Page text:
70 percent of online apparel purchases are returned due to fit issues which is a big deterrent for most consumers. It’s too much of a hassle and too expensive to return unwanted items to make purchasing apparel online worthwhile. Amazon just changed that.The other pain point with online apparel shopping is the wait. Most people don’t want to wait days for an item, they want it now. Amazon’s focus is the last mile, isn’t it?Advantage Amazon ... again.
  • Posted on: 06/20/2017

    Can humanizing self-checkouts reduce theft?

    There’s an old axiom in retail that says; the higher the level of customer service the lower the incidence of theft. Humanizing self-checkout will definitely help reduce theft and, as a bonus, will increase service when needed.Self-checkout is fast and easy when everything goes well. The trouble comes when things go wrong and you can’t find anyone to help. Having an associate assigned to the self-checkout area will increase service and reduce theft; win-win.
  • Posted on: 06/19/2017

    Did Amazon just patent tech that could end showrooming in its stores?

    Did they patent the technology to keep others from doing so? Or do they intend to use it? Either way the giant can, once again, manipulate consumers in the name of convenience.
  • Posted on: 06/19/2017

    Why are so many associates being deprived of tech by their employers?

    Yes, cost, distrust, and training are all factors but those reasons can’t stop the adoption of technology tools that help retailers compete. Isn’t it enough watching brand after brand struggle and fail holding on to the old no-tech model?Retailers need to embrace technology that helps them relieve the pain points of their associates and customers. Retailers need to move beyond the shiny object syndrome with tech pilots and implement technology that is simple to use and solves problems. Most technology that fits that bill is intuitive for both the associate and the customer with minimal training required.
  • Posted on: 06/14/2017

    Who owns the in-store experience?

    Is it 1997 or 2017? We have literally been talking about this problem for 20 years! Bob is 100 percent correct, how can we see the problem but leadership cannot?The in-store experience is in the hands of store operations, whether they own it or not. The problem with providing customer service as opposed to accomplishing tasks is that tasks are measurable, but customer service is not. As an associate, if I spend my time providing great customer service at the expense of my task list, I will be reprimanded for not accomplishing my tasks and given no credit for the service I’ve provided.There are many ways to empower store personnel to provide excellent service and measure their performance, but it takes leadership and the intestinal fortitude of the CEO to spend the time and money to make it happen.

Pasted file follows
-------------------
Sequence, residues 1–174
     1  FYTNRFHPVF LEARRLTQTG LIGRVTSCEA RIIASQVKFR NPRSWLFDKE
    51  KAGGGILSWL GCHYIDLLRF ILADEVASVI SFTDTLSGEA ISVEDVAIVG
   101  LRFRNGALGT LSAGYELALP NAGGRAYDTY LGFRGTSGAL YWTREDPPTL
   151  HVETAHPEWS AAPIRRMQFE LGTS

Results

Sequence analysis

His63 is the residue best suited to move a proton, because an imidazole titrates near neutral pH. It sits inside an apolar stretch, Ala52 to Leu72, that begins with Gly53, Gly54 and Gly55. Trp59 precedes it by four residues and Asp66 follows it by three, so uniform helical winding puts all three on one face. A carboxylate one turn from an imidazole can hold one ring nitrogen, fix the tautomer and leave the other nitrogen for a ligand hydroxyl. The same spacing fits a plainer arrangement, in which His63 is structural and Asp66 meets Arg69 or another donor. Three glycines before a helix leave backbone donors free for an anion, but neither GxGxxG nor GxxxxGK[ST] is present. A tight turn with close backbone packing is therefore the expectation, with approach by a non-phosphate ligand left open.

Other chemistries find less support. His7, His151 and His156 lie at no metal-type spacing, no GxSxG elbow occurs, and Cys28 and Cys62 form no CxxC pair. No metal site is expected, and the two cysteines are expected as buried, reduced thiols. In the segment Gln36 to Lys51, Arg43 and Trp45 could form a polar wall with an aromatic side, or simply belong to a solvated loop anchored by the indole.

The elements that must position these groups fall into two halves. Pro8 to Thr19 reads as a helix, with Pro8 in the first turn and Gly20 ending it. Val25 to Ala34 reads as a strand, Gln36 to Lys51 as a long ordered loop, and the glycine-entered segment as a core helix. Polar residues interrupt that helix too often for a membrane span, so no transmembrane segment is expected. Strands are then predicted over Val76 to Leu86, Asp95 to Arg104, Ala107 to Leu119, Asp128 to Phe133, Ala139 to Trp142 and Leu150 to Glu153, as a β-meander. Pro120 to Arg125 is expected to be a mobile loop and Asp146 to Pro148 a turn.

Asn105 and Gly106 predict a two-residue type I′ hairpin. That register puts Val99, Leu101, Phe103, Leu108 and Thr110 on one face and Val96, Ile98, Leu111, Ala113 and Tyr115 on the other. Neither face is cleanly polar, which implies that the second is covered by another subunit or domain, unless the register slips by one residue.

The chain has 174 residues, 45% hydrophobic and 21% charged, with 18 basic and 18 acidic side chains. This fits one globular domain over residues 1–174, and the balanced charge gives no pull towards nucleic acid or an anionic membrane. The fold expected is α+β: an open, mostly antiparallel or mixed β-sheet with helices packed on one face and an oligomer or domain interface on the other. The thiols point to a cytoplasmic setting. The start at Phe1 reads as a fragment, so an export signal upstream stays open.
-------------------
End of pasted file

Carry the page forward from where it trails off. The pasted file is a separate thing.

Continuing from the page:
• Posted on: 06/13/2017

    Can retailers escape the scourge of free shipping?

    For retailers who have decided to compete head-on with Amazon, free shipping is here to stay. Ironically, as the article points out, shipping is not actually free when you buy from Amazon.Brick-and-mortar retailers have been busily helping Amazon build a moat around themselves by promising free shipping that is eating away at already reduced profit margins. They believe that offering discounts and free shipping is the only way to compete.Based on the daily body count of store closures, this strategy isn’t working too well. Trying to beat Amazon at its own game is a fool’s errand.
  • Posted on: 06/06/2017

    Is UNTUCKit the next big thing in apparel retailing?

    This is a perfect example of "know thy customer." With a good brick-and-mortar and online strategy they capture the new customers and keep them coming back.Evidently, Mr. Sanandres understands how his target customer wants to engage with the brand and provides an in-store experience that is tailored to them.Men don’t like to shop and they put up with a lot less inconvenience than women. But give them product that they like and a way to get it easily and they will be a customer forever.
  • Posted on: 06/05/2017

    Does store operations have a seat at the digital transformation table?

    It’s imperative for store operations to be included in the technology discussions that impact the stores, especially the customer experience. Lots of technology solutions are hatched in labs where techies imagine the solution working in the real world. No matter how good the lab environment, it still cannot simulate a live store environment.Most retail customer service tech is simply too complicated and requires constant attention from store staff and often slows down or adds clumsy steps to the process they are trying to facilitate. But keeping it simple isn’t sexy and without store ops' input, management often goes after the solutions with the most bells and whistles.Bottom line -- technology must solve real problems that are best identified by store staff. Additionally, retail is a game of seconds. Any solution that slows the velocity of the customer experience without measurable return on investment should never be implemented.
  • Posted on: 06/02/2017

    Can Walmart workers deliver better last mile results on their way home from work?

    I agree with Mel and Bob. Delivery requires a different set of skills and poses enormous potential liability.What might be a better idea is for each store to hire specifically for the local delivery. Plus, additional investment in small trucks that advertise Walmart same day delivery would be good for business too.How many people who would ordinarily order from Amazon might instead decide to order from their local Walmart? I would, especially knowing that I could return an item easily to the local store if it didn’t meet my needs.